adBlockCheck

Sports

OB-GYN Assures Serena Williams Fetus Developing Serve On Schedule

WEST PALM BEACH, FL—Observing that the unborn child was producing the smooth, fluid strokes expected in the third trimester, ob-gyn Dr. Theresa Umbers reportedly assured world No. 4–ranked tennis player Serena Williams at an appointment Tuesday that her fetus was developing its serve right on schedule.

New Report Finds MMA Could Be Bad For Your Knees

LOS ANGELES—Following a 10-year study of more than 500 professional and amateur fighters, a report released Thursday by the UCLA Department of Physiology found that mixed martial arts could be bad for your knees.

Mr. Met’s Son Beginning To Think He Adopted

NEW YORK—Pointing out that there was little physical resemblance between himself and the rest of his family, the 10-year-old son of New York Mets mascot Mr. Met told reporters Tuesday that he was beginning to think he was adopted.

Best Sports Stadiums

As Detroit prepares to demolish and say goodbye to the storied Joe Louis Arena, Onion Sports examines some of the greatest stadiums of all time.

Mom Finds Disturbing Reading Material In Teenage Son’s Bedroom

OMAHA, NE—Saying she felt disgusted and saddened by the shocking discovery, local woman Beth Loomis told reporters Thursday that she was deeply disturbed after finding recruitment reading material from the Baylor University football team in her teenage son’s bedroom.
End Of Section
  • More News

Women's Olympic Bobsled Team Hopes To Inspire Young Girls To Bobsled

SALT LAKE CITY, UT—Olympic bobsledders Jean Racine and Gea Johnson have two major goals for the Salt Lake City Games. The first is to win the gold medal. The second is to let young girls know that they, too, can pursue their bobsled dreams.

Bobsledding role models Jean Racine and Gea Johnson.

"When I was growing up, little girls were encouraged to participate in sports like tennis and basketball, but never bobsledding," said Racine, 23, driver of the American women's two-person sled. "Well, I want that to change that for the next generation. I want to be the person today's young girls can look to and say to themselves, 'Hey, I can bobsled if I want to.'"

"One day," Racine continued, "people will see women bobsledders as bobsledders first and women second."

Johnson, the team's brakewoman, echoed Racine's sentiments.

"There has always been this assumption—and I don't know where it comes from—that girls aren't interested in bobsledding," the 34-year-old Johnson said. "I can remember, as a third-grader, telling my gym teacher that when I grew up, I wanted to be a bobsledder. He said, 'Why the hell would you want to do that?'"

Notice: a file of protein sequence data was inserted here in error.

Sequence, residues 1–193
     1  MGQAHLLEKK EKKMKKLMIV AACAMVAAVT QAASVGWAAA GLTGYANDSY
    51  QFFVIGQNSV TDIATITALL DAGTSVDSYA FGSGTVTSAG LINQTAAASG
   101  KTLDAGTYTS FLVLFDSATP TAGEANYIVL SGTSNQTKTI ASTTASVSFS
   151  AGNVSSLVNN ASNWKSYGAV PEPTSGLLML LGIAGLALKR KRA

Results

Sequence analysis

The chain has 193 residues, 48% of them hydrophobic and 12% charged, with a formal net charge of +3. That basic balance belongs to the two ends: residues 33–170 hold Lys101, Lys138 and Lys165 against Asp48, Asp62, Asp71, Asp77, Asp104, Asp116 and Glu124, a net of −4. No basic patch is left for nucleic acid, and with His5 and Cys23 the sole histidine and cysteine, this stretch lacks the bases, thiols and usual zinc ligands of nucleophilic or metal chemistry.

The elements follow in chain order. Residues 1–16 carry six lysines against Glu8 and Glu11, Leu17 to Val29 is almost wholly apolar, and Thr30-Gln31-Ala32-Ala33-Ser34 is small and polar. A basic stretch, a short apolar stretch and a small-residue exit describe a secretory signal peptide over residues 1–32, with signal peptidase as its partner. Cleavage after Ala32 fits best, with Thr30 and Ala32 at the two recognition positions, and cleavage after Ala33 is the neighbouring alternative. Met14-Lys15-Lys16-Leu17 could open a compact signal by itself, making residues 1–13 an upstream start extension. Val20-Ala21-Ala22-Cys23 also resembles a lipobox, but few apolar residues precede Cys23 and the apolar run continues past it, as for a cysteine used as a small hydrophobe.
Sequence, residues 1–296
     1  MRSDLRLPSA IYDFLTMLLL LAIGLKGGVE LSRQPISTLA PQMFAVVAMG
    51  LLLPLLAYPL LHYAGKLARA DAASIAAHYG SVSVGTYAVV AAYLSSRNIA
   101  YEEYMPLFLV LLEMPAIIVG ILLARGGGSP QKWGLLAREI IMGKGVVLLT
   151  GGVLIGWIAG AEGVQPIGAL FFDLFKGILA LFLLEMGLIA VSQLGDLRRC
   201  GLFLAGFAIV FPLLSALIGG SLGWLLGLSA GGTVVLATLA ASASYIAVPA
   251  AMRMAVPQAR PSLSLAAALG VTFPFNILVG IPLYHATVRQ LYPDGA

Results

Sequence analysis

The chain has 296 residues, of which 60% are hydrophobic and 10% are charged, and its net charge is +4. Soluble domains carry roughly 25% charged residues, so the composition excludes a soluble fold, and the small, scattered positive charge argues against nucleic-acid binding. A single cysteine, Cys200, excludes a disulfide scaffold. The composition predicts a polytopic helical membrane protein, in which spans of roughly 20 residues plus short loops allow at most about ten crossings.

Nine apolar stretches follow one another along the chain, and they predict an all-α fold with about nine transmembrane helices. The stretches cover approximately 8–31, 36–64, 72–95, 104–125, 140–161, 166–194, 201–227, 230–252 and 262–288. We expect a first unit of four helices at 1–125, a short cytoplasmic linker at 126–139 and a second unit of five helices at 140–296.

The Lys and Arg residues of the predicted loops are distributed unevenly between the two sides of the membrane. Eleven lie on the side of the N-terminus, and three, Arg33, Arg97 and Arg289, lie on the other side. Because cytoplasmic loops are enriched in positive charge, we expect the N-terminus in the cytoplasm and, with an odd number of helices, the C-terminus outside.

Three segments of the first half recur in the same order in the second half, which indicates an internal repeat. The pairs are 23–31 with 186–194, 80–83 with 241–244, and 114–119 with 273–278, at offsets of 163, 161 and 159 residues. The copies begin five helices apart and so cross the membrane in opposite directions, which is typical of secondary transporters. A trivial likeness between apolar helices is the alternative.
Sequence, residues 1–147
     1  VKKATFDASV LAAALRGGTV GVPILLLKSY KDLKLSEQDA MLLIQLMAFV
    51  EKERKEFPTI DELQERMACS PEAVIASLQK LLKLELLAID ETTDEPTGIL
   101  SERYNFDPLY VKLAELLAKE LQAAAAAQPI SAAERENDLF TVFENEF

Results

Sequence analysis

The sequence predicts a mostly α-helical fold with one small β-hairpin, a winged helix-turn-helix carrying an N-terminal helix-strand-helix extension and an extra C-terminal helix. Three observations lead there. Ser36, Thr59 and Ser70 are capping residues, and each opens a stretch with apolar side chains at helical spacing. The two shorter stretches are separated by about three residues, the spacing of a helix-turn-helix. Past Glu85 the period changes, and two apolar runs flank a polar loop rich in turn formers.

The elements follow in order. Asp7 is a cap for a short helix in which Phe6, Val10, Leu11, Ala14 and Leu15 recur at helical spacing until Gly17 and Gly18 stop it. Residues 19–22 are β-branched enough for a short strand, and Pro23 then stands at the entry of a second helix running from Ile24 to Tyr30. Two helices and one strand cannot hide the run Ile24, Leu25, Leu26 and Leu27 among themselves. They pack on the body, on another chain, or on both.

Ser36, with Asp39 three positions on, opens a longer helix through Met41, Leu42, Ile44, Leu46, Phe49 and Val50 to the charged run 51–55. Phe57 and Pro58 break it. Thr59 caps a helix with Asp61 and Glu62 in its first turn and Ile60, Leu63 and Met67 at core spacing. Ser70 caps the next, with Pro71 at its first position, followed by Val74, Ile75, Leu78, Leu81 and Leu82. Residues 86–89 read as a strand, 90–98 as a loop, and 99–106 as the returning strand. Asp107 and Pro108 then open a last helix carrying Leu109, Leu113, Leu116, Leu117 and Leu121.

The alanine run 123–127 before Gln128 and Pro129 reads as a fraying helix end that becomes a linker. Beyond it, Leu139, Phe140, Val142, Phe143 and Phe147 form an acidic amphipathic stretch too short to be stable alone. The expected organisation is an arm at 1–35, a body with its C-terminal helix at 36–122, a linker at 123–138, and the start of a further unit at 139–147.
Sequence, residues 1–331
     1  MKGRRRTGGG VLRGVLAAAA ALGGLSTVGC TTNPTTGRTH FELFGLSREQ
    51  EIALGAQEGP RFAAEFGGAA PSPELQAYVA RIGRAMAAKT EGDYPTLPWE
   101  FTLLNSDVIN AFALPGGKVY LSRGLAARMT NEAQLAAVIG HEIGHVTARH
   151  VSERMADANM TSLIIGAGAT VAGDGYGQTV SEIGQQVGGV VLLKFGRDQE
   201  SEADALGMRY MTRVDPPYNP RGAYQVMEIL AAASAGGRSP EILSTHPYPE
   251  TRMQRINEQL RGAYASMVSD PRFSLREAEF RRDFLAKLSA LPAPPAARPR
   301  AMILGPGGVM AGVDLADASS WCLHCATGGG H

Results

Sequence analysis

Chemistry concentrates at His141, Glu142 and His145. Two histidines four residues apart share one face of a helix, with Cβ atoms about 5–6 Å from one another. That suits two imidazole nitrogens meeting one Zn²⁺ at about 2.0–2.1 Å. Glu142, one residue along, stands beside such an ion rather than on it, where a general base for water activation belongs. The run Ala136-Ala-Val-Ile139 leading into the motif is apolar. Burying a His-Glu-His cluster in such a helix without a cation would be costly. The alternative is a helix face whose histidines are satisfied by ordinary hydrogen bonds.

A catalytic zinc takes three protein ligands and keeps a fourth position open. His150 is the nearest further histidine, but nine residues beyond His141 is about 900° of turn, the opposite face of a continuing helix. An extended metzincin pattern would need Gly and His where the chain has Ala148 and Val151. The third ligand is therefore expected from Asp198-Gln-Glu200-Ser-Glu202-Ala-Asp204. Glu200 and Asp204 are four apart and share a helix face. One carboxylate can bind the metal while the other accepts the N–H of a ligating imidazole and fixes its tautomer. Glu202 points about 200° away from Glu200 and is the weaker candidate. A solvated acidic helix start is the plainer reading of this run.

Salt Lake City 2002 is the first Olympics to feature women's bobsledding as a medal event. As thrilled as Racine and Johnson would be to win that first-ever gold, just having the chance to serve as role models for the female bobsledders of tomorrow means as much to them.

The bobsledders of tomorrow.

"We have to be worthy ambassadors of bobsledding," Racine said. "We have to represent the sport well and be the kind of bobsledders today's young girls can aspire to be like. That's a heavy responsibility, but I feel up to the task."

Johnson said parents can play a vital role in opening up the bobsled doors for their daughters.

"Usually, parents let their little girls sled until they're a certain age, and then it's suddenly discouraged," Johnson said. "Boys can go on and become bobsledders, and that's okay with everyone. We have to let our girls know that there's nothing wrong with wanting to bobsled."

"Sports are so good for girls, particularly a sport like bobsledding," Racine said. "I've learned so much from it: how to be competitive, how to work hard, how to not give up. Bobsledding is like life: The harder you push at the beginning, the faster the ride is all the way down."

More from this section

New Report Finds MMA Could Be Bad For Your Knees

LOS ANGELES—Following a 10-year study of more than 500 professional and amateur fighters, a report released Thursday by the UCLA Department of Physiology found that mixed martial arts could be bad for your knees.

Sign up For The Onion's Newsletter

Give your spam filter something to do.

Close